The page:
What Makes a Place Historic?
Evan A. Kutzler
The National Register of Historic Places, administered by the National Park Service, is one of the more misunderstood parts of the US preservation system. Local preservation ordinances and homeowners’ associations are more commonly known, and each can encroach on private property rights. The National Register does not. It does not prevent homeowners from installing storm windows or digging in their backyards. Federal employees in gray and green will not start leading tours through the bedrooms of a house on the National Register.
Although the National Register provides some protection from federal actions that affect historic properties, it does not ensure long-term preservation. It opens up the opportunity for some tax-credit programs, but it does not provide pots of gold. In practice, the National Register is mostly honorary. It lets communities identify and document places that matter. Most importantly, though, the process of nominating a property to the National Register pushes one to articulate what makes something historically significant, and ensures that record will be there for future generations.
Historic properties on the National Register fall into one of five categories. They can be buildings like the Windsor Hotel. They can be structures, such as the (eligible but not yet nominated) Thomas L. Bell Stadium or the city water tower constructed by the Works Progress Administration. The National Register also includes objects, like the headstones at Oak Grove Cemetery or E. M. Viquesney’s “Spirit of the American Doughboy” monument, as well as archaeological sites whose artifacts may reveal information on the past. Sometimes buildings, structures, objects, and sites are listed individually; other times, they are combined into districts such as the Americus Historic District, the Ashby Street Shotgun Row Historic District, or the Third District A&M School / Georgia Southwestern College Historic District.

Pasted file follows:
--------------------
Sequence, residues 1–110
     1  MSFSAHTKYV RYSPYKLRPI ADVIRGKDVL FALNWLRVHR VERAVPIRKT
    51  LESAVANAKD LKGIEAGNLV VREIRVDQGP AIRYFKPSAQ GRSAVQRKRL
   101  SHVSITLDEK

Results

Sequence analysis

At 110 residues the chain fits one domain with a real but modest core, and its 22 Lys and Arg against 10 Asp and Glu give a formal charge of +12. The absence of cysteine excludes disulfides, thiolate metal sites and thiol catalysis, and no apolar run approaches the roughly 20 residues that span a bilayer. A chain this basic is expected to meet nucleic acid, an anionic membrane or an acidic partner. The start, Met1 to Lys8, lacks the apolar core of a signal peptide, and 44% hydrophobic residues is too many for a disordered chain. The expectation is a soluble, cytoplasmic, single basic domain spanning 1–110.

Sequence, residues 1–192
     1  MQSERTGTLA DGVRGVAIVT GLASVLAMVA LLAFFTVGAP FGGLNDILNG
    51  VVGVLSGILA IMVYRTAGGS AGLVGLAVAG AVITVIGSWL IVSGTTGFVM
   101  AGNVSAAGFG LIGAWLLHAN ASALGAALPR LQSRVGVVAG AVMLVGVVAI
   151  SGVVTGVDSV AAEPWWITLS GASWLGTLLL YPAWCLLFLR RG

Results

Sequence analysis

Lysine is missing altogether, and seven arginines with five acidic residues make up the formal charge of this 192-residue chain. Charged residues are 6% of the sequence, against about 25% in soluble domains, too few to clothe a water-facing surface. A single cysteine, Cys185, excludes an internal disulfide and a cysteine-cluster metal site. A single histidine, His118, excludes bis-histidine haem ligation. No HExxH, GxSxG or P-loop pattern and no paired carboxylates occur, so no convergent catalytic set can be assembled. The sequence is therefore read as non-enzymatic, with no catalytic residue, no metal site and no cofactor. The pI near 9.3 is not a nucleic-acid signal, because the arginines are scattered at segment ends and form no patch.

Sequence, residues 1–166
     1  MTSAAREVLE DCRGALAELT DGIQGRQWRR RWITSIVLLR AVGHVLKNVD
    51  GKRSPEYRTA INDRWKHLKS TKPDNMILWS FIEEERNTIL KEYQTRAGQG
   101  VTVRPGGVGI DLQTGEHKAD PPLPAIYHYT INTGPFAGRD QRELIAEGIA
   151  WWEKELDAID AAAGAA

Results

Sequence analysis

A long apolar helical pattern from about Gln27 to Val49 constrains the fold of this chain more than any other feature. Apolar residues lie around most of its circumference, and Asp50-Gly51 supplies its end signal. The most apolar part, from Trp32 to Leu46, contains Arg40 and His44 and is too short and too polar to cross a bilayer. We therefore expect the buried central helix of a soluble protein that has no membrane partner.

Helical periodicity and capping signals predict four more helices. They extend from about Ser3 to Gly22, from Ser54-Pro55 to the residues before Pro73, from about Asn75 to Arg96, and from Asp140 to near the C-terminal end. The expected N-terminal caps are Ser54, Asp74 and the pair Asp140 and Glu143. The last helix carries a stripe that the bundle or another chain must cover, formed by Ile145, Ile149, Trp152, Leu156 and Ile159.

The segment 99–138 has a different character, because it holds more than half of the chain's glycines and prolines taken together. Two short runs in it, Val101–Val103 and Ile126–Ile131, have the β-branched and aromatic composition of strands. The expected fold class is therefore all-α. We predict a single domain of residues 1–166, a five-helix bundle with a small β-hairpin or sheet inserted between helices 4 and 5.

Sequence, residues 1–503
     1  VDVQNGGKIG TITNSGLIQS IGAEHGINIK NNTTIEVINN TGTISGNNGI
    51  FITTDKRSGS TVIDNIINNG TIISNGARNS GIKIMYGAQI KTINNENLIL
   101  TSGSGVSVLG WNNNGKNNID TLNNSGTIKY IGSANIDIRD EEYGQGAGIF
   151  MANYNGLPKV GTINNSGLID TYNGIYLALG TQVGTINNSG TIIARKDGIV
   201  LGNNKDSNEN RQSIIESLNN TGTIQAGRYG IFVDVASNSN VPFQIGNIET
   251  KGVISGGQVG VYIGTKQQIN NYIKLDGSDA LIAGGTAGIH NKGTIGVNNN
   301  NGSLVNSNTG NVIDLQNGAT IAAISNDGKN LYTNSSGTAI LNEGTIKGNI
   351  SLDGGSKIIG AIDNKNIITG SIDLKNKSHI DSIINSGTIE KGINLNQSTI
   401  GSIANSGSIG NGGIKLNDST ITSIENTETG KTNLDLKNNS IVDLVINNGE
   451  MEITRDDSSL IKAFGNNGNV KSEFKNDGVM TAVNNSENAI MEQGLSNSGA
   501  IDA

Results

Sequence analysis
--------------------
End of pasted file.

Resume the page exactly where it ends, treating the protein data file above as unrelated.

Buildings, Structures, and Objects at Lee and Lamar, ca. 1940.
To list a property in the National Register, one submits a nomination that passes through a state review board (or, if applicable, a tribal review board). This nomination can come from anyone. It does not have to come from a trained historian. Nominations that pass this review board go to the Keeper of the National Register of Historic Places who makes a final determination. There are more than 1.4 million historic resources listed individually or as part of districts in the United States.
Criteria of Significance
What makes a place historic in the first place? Age alone is not sufficient, but properties that attained historical significance within the last 50 years are usually ineligible for the National Register. The history does not need to be a “first,” a “last,” the “biggest” or the “best” and neither does it need to make us feel proud, angry, or guilty. It should, however, make us think. There are four criteria for evaluating whether properties have historic significance: Criterion A, “association with historic events or activities;” Criterion B, “association with important persons;” Criterion C, “distinctive design or physical characteristics,” and Criterion D, “potential to provide important information about prehistory or history.” While a property needs to have historical significance in only one area, properties often meet multiple criteria.